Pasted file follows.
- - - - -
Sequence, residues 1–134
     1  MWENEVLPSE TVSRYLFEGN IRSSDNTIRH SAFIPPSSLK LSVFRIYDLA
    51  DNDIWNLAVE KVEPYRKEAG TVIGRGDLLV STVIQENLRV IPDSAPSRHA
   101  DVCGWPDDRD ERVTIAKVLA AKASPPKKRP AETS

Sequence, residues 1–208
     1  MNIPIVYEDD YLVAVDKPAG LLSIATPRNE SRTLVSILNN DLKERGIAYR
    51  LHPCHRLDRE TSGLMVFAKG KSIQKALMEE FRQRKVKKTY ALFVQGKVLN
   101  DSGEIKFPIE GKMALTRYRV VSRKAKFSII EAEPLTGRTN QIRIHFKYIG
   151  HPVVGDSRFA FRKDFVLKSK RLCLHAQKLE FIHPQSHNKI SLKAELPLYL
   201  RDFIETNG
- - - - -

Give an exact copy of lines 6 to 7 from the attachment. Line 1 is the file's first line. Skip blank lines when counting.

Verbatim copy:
     1  MNIPIVYEDD YLVAVDKPAG LLSIATPRNE SRTLVSILNN DLKERGIAYR
    51  LHPCHRLDRE TSGLMVFAKG KSIQKALMEE FRQRKVKKTY ALFVQGKVLN